New project “Reality Show” mix of personal experiences and social commentary

Where is Jazmine Sullivan? Is she still making music? Did she quit the business? Questions and rumours like these have been floating amongst fans and the blogosphere the past four years about the Grammy-nominated songstress.

“I was going through a lot with the ex relationship and I kind of had to take a step back and get myself together. I think it was worth it; I definitely appreciate what I do now more,” explains Sullivan.

Sullivan, who last released an album in 2010, is back with a new project entitled, Reality Show. For her, the timing was just right; what was supposed to be a short break turned into four long years that needed to end.

“I can’t believe time has gotten away from me. [I said to myself] I have to start sharing this stuff and talking about it and getting myself through the process,” says a retrospective Sullivan.

The album is a soulful blend of personal tribulations and cleverly crafted observations on society. The Philadelphia native, who admits her guilty pleasure for the past few years has been watching a lot of episodes of VH1’s “Love & Hip Hop”, came to realize the power of the term “reality show”. With the release of this album, she created three behind-the-scenes webisodes that gave fans access to her life like never before.

“I’m addicted to reality TV, I’ve watched them all and I see the effects that showing more of yourself has on fans; they feel more connected to you so I felt like this is my way of letting people know a little more of myself and the album,” shares Sullivan.

Reality Show displays Sullivan’s signature sound that is both honest and emotional, and sure to be pleasing to her fans. Never one to shy away from expressing her love life, Sullivan shares it all on the single “Forever Don’t Last”.

“[That] was one of the more personal songs… It’s ’cause I was really speaking from the heart and soul and crying out. Kind of just trying to sing my way through how I was feeling. I was really dealing with a break up and having to let someone go and I know that everybody deals with it, and I know it needed to sound like it. It needed to sound emotional like that for people to connect to it,” reflects Sullivan.

“It just felt like with this particular album, with coming back, it had to be this way. I had to be involved in every little thing; I swear this album drove me crazy.” – Jazmine Sullivan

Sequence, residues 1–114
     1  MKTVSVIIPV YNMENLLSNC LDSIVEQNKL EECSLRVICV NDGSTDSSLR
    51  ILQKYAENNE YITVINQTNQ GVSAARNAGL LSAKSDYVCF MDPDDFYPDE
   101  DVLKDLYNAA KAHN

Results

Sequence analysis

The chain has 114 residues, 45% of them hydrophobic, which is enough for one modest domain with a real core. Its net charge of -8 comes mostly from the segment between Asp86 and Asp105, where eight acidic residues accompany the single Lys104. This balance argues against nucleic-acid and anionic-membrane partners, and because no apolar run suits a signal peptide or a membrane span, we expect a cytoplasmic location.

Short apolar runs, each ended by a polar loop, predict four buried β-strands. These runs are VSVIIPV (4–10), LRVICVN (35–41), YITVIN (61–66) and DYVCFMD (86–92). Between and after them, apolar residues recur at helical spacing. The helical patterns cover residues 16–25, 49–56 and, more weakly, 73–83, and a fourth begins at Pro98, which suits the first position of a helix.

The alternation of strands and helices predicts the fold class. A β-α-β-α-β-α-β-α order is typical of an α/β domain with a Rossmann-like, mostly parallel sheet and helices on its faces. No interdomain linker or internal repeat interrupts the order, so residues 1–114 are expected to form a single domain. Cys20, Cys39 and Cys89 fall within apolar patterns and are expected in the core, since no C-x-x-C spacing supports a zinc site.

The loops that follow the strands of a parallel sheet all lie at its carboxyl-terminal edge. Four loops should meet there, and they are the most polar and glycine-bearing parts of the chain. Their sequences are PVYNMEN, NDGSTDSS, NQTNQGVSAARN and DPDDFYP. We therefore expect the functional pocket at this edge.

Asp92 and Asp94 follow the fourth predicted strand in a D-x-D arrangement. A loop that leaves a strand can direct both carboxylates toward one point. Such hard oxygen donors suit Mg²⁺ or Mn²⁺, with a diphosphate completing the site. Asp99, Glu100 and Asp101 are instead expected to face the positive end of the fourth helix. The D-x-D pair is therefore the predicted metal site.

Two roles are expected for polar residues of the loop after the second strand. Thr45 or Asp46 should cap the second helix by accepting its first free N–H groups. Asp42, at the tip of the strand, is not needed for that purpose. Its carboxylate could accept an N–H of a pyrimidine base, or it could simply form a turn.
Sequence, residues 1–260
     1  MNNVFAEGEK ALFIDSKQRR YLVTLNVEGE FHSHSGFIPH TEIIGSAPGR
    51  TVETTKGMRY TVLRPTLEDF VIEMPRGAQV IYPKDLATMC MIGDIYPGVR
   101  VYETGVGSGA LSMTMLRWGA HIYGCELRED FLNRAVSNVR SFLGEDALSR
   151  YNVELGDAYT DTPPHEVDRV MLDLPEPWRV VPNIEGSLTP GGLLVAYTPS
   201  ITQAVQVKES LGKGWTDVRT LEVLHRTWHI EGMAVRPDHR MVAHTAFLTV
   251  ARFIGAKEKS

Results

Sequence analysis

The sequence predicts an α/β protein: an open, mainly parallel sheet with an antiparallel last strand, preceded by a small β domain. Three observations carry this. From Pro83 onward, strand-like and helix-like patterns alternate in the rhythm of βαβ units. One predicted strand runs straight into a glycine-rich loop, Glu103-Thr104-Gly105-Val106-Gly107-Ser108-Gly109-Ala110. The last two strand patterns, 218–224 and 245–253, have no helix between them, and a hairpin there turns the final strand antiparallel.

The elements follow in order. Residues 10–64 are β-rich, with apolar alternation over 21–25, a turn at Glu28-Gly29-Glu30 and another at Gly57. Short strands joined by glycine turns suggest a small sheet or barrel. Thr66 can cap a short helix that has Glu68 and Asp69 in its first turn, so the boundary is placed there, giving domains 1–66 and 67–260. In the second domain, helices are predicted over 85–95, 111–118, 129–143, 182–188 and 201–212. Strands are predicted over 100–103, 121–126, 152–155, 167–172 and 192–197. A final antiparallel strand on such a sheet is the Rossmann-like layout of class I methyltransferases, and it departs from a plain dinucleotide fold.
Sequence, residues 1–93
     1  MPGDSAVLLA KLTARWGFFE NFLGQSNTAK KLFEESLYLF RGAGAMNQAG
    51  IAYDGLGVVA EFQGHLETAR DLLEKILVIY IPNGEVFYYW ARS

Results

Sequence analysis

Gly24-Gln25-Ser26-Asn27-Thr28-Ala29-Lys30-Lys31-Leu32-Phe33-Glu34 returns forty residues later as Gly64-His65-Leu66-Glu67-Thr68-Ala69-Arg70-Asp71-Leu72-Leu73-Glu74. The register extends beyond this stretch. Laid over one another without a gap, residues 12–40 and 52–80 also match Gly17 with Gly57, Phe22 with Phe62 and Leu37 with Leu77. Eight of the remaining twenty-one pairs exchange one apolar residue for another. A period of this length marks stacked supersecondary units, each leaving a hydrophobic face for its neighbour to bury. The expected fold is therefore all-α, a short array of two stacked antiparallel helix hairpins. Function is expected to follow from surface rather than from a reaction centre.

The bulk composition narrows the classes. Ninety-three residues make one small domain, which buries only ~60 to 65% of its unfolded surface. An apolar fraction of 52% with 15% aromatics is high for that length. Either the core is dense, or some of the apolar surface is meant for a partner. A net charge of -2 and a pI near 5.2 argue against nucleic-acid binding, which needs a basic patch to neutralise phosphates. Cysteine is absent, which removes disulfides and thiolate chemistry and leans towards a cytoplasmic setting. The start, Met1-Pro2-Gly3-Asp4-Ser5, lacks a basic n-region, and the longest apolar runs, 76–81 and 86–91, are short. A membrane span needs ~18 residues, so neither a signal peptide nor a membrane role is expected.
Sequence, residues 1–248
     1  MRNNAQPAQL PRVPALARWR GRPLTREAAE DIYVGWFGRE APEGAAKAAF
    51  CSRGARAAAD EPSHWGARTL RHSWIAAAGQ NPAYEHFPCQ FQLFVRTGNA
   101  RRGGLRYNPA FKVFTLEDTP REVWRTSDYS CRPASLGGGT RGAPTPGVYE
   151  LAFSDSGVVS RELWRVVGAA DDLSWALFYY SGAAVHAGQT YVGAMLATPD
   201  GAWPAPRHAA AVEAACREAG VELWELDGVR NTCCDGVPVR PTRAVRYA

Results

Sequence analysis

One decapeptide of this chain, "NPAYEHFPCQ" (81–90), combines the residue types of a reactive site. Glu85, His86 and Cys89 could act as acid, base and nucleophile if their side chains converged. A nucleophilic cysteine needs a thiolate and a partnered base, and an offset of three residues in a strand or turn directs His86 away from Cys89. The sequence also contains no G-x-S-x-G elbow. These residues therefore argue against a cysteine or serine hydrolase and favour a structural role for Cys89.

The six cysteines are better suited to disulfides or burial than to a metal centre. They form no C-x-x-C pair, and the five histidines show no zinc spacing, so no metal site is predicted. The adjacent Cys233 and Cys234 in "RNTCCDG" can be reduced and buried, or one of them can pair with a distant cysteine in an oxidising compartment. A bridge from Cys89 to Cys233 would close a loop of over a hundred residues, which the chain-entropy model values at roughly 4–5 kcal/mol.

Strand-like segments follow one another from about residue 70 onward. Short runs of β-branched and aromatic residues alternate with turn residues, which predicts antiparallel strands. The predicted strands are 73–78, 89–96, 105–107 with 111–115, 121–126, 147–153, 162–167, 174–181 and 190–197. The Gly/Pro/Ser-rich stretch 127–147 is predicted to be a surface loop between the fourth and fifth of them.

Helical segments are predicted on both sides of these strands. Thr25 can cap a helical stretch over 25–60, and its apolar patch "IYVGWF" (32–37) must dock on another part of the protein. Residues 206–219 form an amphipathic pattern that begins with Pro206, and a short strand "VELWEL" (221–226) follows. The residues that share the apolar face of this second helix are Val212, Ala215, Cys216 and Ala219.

But it wasn’t just love, or the lack there of, that was on her mind. During some of those most difficult times, Sullivan, who comes from a religious family and grew up singing in church, contemplated using drugs.

“I felt like when I was having those thoughts I was so far gone,” admits Sullivan. She adds jokingly, “I’m glad that I had that revelation before I went down. I was making a joke about it [the other day] ’cause I’m so far removed from it now… People that know me know that if I did drugs, I’d be the craziest person ever, ’cause I’m already crazy! But it did inspire some songs.”

Aside from sharing some of her own personal trials and times of despair, Sullivan, who served as the primary songwriter on the project, embraces her role as a storyteller on several songs. She introduces some thought provoking reflections on tracks like, “Mascara”, “#HoodLove”, “Brand New” and “Stupid Girl”, which appear as snapshots into the workings of present day society and culture. For example, “Mascara”, which she recently released an accompanying video for, is a masterfully written song highlighting Sullivan’s observations on today’s social media obsessed culture.

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“I wrote [“Mascara”] because I was looking on Instagram at a bunch of video girls’ pages and their lives kind of look identical,” explains Sullivan. She adds with a little bit of laughter in her voice, “Just like, butt shots, pictures of their bodies and how they’re living – going on trips and stuff like that – and I was like, ‘this is what people are looking at and aspiring to?’”

She stresses that she is not trying to pass off judgement on how those women live their lives, but she is glad that people are starting to question and become unhappy with the high expectations social and mass media create, particularly for women. She hopes that people understand she is just a storyteller, sharing what she sees.

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Reality Show may be Jazmine Sullivan’s most honest work yet. Taking a more hands-on approach with this project than previous ones, she tells real, powerful and reflective stories from start to finish.

“It just felt like with this particular album, with coming back, it had to be this way. I had to be involved in every little thing; I swear this album drove me crazy,” she says laughing. “I couldn’t stop fixing things on it. The label was actually like, ‘that’s enough, no more!’ Coming back was a personal thing for me; I left for too long.”

Photos Courtesy Of: Shane McCauley